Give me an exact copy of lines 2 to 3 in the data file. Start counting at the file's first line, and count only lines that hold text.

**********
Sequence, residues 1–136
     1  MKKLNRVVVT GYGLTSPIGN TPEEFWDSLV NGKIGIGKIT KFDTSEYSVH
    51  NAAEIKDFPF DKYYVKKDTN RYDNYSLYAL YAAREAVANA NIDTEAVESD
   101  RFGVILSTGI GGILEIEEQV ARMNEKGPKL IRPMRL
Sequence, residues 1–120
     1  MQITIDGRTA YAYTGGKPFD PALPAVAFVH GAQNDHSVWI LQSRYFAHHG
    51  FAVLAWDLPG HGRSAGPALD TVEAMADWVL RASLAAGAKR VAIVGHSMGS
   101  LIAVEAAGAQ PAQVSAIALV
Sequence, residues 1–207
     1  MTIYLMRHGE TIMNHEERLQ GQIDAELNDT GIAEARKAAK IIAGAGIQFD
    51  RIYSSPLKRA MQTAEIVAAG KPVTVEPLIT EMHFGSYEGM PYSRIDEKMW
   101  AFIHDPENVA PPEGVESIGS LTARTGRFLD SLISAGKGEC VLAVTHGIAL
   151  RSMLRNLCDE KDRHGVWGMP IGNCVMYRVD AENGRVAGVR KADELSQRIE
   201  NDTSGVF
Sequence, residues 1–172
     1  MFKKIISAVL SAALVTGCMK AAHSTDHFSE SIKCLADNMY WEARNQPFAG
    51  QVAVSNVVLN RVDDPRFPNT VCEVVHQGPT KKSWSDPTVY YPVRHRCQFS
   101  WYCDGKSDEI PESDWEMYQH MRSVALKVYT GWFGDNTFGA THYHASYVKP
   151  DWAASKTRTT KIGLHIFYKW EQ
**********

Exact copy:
     1  MKKLNRVVVT GYGLTSPIGN TPEEFWDSLV NGKIGIGKIT KFDTSEYSVH
    51  NAAEIKDFPF DKYYVKKDTN RYDNYSLYAL YAAREAVANA NIDTEAVESD